The Dreamer and the Rock

  • Posted on December 12, 2014 at 10:00 AM

When my husband and I first got married, I was the dreamer. I intended to stay home with our children and write. He was the rock. He knew, more or less, how the world operated. He knew how to work for a living. He knew how to provide for a family.

Our roles were very traditional. A throw-back, really, to a different time and place. The man as the breadwinner is a quaint notion. In contemporary times, you either need a breadwinner who is exceptionally good at providing or you need two breadwinners to provide for a family. And that’s just to attain a middle class living.

My husband was never that man. As a provider, he could eke us just over the edge of poverty. As a family, we’ve never been homeless. As a family, we’ve never been anywhere near starvation. But we have had our electricity shut off. We’ve had our phone shut off. We’ve had more cupboards that were bare than were full. We’ve had problems that money could solve that we couldn’t solve because we didn’t have the money. We’ve been on food stamps and we’ve been on heat assistance and we’ve accepted a lot of help from our families.

Over seven years ago, we made a choice. We knew that, working the jobs he could get in the place we wanted to live, Mark wasn’t ever going to be able to lift us as far above poverty as we wanted to be. We were urged to become a two-income household “like everybody else,” but instead we switched.

Mark became the stay at home Dad. I went to college. I graduated. I started a business. I went to grad school. I started my first book (sort of, but that’s a long story). I graduated. I revved up my business. I started another grad school program. I finished my first book.

There’s times when I feel like a failure because I’m still a far cry from getting us to where I want us to be, but Mark is the first to remind me how much progress we’ve made. The last several months—perhaps a year—I’ve managed to keep our cupboards stocked, our lights on, our phone working. We haven’t been on food stamps for years now. We don’t qualify for heat assistance this year either. We still get medical assistance and SSI, but those have a much higher margin (for good reason). The boys receive reduced lunches, but are no longer eligible for free lunches. I was able to pay for the boys’ school supplies this year and even get them much-needed new clothes and shoes.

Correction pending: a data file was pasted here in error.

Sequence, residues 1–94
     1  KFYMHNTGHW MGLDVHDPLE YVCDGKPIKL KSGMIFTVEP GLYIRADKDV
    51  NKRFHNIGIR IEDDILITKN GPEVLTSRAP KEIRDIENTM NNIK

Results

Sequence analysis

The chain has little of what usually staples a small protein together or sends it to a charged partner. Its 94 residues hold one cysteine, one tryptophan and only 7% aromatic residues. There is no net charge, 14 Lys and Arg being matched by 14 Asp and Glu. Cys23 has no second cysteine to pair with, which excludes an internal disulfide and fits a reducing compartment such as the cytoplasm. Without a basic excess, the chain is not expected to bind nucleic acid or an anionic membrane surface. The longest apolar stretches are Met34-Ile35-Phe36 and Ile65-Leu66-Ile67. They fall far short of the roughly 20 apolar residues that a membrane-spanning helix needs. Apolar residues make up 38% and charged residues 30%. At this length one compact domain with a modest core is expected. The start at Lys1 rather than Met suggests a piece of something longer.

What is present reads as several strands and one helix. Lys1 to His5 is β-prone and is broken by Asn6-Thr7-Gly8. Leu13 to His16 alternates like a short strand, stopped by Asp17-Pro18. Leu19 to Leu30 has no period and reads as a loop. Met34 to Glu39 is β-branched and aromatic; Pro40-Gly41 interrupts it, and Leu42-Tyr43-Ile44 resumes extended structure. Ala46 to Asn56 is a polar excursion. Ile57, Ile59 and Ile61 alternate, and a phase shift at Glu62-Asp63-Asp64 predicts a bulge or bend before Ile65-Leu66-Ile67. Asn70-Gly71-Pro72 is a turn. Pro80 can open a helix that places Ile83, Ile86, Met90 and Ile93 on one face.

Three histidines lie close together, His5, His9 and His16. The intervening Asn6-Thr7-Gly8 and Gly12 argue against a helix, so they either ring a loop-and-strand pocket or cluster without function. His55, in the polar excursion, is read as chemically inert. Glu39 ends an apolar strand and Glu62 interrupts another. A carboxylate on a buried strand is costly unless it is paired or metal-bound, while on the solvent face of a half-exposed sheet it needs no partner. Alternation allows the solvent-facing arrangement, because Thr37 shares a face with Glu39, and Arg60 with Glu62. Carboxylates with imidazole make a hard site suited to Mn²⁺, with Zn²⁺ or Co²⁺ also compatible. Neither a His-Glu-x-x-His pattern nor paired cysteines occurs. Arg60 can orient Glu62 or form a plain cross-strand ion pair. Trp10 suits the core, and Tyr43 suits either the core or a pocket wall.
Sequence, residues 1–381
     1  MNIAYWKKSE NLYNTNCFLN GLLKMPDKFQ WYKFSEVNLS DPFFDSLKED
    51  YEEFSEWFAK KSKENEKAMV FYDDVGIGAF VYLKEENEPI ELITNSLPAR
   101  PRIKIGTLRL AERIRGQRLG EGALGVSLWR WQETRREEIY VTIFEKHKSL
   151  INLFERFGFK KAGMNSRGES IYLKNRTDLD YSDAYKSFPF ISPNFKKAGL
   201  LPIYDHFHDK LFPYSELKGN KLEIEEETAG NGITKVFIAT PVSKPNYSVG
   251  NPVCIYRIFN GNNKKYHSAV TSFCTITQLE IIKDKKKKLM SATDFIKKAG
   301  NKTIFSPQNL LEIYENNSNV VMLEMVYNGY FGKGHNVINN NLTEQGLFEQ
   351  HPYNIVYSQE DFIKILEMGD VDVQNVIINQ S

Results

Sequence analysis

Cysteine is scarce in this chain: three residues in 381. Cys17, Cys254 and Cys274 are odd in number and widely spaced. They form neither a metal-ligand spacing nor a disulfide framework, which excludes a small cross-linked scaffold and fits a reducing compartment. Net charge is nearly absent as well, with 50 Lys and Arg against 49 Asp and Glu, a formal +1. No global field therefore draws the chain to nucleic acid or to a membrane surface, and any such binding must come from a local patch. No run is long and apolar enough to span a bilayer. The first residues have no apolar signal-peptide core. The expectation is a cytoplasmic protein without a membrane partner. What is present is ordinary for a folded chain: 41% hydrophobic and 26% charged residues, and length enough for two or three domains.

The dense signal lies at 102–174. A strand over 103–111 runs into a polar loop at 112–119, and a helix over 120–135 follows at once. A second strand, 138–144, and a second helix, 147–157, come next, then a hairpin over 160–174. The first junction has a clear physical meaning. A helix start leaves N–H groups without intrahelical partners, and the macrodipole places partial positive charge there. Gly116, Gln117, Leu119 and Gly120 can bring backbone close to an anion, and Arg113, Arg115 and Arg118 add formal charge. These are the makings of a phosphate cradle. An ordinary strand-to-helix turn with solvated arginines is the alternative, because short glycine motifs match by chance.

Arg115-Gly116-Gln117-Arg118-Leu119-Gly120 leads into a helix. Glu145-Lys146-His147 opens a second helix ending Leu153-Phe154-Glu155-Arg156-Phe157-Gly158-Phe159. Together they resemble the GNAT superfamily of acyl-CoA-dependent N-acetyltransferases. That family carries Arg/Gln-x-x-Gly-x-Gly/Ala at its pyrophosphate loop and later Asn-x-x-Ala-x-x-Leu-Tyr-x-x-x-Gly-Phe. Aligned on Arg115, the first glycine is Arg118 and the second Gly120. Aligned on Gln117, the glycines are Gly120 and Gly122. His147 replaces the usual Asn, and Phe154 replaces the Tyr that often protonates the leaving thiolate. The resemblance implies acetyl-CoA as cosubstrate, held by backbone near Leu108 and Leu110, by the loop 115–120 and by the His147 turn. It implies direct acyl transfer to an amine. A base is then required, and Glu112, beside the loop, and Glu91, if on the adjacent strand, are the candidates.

Now, I’m the rock. I support my family. My earnings make the difference between making ends and being out of everything before the end of the month. The dreamer isn’t dead. I still envision bigger and better things in the months and years to come. But I am the rock even now.

These last few months have taught me how precarious my position is. Everything relies on me. When I’m unwell, when I’m unproductive, there’s too little cushion. I’m the rock, but it’s like I’m one of those bizarre rocks on the precipice with what seems to be pebbles and gravel holding me in place. You know that story earlier this year (I think) of the guy who knocked one of these monumental rocks down because he considered it a hazard and got in trouble for it—I’m one of those rocks. And it’s not nearly as cool as it sounds.

2 Comments on The Dreamer and the Rock

  1. Well *I* think it sounds brave and uniquely beautiful. And familiar.
    Love to you-

  2. Thank you.

    I agree that it can be very beautiful. Most of the time, it works. That’s important.

    But it can be scary for both of us. Sometimes the sources of fear are natural: I could fail. Sometimes the sources of fear are social: Mark is under constant pressure from forces outside our family to be more traditional. When those forces start to weigh on him, I get defensive, I just want the world to leave us alone and let us be.

    Instead, I fight. I try to get others to see the beauty of doing what works, of resisting the forces that (try to) demand conformity, of making choices because they are the right choices for you and your family whatever anyone else says.

    Most of the time I don’t mind the risk. There’s something very gratifying about standing firm, no matter how precarious the perch. I’m not very competitive. I have little to no desire to beat out someone else to get what I want. I’m just not into zero sums. I’m very ambitious, but I’m also (trying to be) meek. I’m into win-win scenarios.

    So, I will continue to be the rock and I hope, perhaps with posts like this, others will come to see the beauty in that.

    So, thank you!!! You’ve made my day today. :)

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